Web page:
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Using Touch ID for `sudo`

macOS is really good at not making you use your login password. Really good. Keychain passwords, new device plugins, setting changes, all can be done via TouchID, which (particularly for those of us with lengthy passwords) is extremely useful. One place you can't by default use TouchID is for sudo, however it can be enabled manually.

/etc/pam.d/sudo is the file used to control the parameters needed to successfully use sudo.

The structure of /etc/pam.d/sudo

You can skip this part if you only care about getting TouchID working

The /etc/pam.d/sudo file is a type of PAM (Pluggable Authentication Module), which is used for granting and denying access to services.
It is quite powerful, and here I will only cover the subset used by the sudo PAM. A more comprehensive guide to PAM syntax is covered on the man page.

This is how the file looks by default:

# sudo: auth account password session
auth       sufficient
auth       sufficient
auth       required
account    required
password   required
session    required

Comments begin with # in PAM files, and after that it consists of a series of tab-seperated 3-column rows with the following syntax:

service    type    control    module-path    module-arguments

Of course, this has 5 columns and the file above only ever uses 3.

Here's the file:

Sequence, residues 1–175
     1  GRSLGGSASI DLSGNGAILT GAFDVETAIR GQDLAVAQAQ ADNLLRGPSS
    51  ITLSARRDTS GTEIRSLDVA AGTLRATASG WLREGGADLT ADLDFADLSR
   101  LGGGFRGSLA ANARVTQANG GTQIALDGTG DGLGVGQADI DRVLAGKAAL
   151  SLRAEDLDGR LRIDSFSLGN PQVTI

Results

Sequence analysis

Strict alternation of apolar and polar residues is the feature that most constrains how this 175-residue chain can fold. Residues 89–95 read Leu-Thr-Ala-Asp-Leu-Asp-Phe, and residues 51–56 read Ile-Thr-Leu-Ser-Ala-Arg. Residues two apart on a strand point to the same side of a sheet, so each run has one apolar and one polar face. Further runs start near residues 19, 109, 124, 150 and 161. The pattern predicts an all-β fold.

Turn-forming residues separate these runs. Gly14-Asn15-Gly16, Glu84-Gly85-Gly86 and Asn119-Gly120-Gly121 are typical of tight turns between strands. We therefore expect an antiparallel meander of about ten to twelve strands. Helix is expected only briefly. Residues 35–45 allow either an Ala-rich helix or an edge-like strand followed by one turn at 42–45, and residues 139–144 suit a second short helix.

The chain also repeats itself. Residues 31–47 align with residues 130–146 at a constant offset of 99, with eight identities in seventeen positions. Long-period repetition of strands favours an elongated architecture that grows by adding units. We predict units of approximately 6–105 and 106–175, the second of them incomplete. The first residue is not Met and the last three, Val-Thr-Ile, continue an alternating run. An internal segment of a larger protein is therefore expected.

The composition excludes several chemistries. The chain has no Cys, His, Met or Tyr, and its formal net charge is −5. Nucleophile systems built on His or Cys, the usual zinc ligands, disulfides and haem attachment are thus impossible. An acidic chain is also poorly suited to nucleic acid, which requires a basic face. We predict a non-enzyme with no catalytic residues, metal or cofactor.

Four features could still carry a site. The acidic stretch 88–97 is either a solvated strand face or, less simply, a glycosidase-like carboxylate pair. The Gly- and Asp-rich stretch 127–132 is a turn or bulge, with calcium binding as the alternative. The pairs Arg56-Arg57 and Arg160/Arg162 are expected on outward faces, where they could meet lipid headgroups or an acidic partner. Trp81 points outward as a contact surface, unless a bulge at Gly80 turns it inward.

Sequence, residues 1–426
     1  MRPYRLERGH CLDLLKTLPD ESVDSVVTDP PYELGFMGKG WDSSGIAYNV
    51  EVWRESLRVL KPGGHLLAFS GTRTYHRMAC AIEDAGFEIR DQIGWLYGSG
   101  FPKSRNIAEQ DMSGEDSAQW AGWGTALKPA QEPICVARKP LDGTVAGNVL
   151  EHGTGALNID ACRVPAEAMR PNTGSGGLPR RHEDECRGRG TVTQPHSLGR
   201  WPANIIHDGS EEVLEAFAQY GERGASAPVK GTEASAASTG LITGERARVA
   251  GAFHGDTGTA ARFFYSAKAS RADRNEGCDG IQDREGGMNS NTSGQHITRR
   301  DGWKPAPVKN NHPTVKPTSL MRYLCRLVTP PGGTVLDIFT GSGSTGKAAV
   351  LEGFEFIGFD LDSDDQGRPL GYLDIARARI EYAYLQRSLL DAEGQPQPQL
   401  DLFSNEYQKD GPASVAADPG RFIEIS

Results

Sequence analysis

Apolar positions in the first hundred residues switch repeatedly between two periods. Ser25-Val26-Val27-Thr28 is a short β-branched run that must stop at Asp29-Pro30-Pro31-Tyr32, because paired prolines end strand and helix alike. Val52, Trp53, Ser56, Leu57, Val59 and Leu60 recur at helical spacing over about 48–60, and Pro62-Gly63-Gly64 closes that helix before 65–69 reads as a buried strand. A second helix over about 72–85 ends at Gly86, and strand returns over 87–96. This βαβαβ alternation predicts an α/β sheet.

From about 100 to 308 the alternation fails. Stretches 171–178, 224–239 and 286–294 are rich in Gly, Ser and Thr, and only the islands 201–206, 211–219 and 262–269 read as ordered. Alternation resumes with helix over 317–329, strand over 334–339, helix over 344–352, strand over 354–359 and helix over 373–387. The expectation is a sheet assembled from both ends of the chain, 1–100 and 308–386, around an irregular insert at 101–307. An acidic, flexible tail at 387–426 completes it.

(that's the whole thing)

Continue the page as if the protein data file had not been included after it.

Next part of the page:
The service column is only used by the root /etc/pam.conf file, and for any /etc/pam.d/<SERVICE> file, service is implicit. For example, service is sudo in our file.
The module-arguments column can be used, but none of the modules used here need any arguments, so it is ignored.

The order of the file is significant, as it is processed line by line.


There are 4 different types of management group, which is what this column represents:


There are 6 different control values, but we will only cover the 2 relevant to our PAM file, check the man page for others.

For example, let's show the execution flow for the following PAM file:

(Note: the file doesn't really make sense as an actual PAM file, it is just a demo)

auth    required
auth    required
auth    sufficient
auth    sufficient always passes, and always fails

However, even though execution has stopped, a previous required module had failed. Therefore, authentication fails.


The modules are relatively self-explanatory - these are the actual libraries used to authenticate. A few note worthy ones:

Adding TouchID support

The line we need to add is as follows:

auth       sufficient

This line says to use the TouchID PAM module ( as an authentication module, and consider it passing sufficient authentication.
We want to insert it at the top of the module, so it runs before, which will prompt for a password.

Note that as this is a system file, it is restricted, and editing it will require sudo.

This unfortunately gets removed every OS update, so I put a little script to add it in a ZSH plugin ($ZSH_CUSTOM/plugins/touchid-auth/touchid-auth.plugin.zsh) and then add that to my ~/.zshrc plugin list.

# add line if not currently present in file
grep -qx 'auth\s*sufficient\s*pam_tid\.so' /etc/pam.d/sudo || {

  # Take the first line (the comment line) from the auth file
  head -1 /etc/pam.d/sudo >> $tmp

  # Insert our line as the first real line of the file - this ensures TouchID is tried _before_ password
  print 'auth       sufficient' >> $tmp

  # Copy the rest of the file
  tail -n +2 /etc/pam.d/sudo >> $tmp

  # Save to the auth file
  prompt='Trying to enable TouchID for `sudo` but command does not have `sudo` access - enter password to continue: '
  sudo -p "$prompt" cp /etc/pam.d/sudo /etc/pam.d/sudo.bak
  sudo -p "$prompt" mv $tmp /etc/pam.d/sudo

  print 'TouchID enabled for `sudo` - old `sudo` auth file backed up to /etc/pam.d/sudo.bak'

  # No need to remove the temp file because we moved it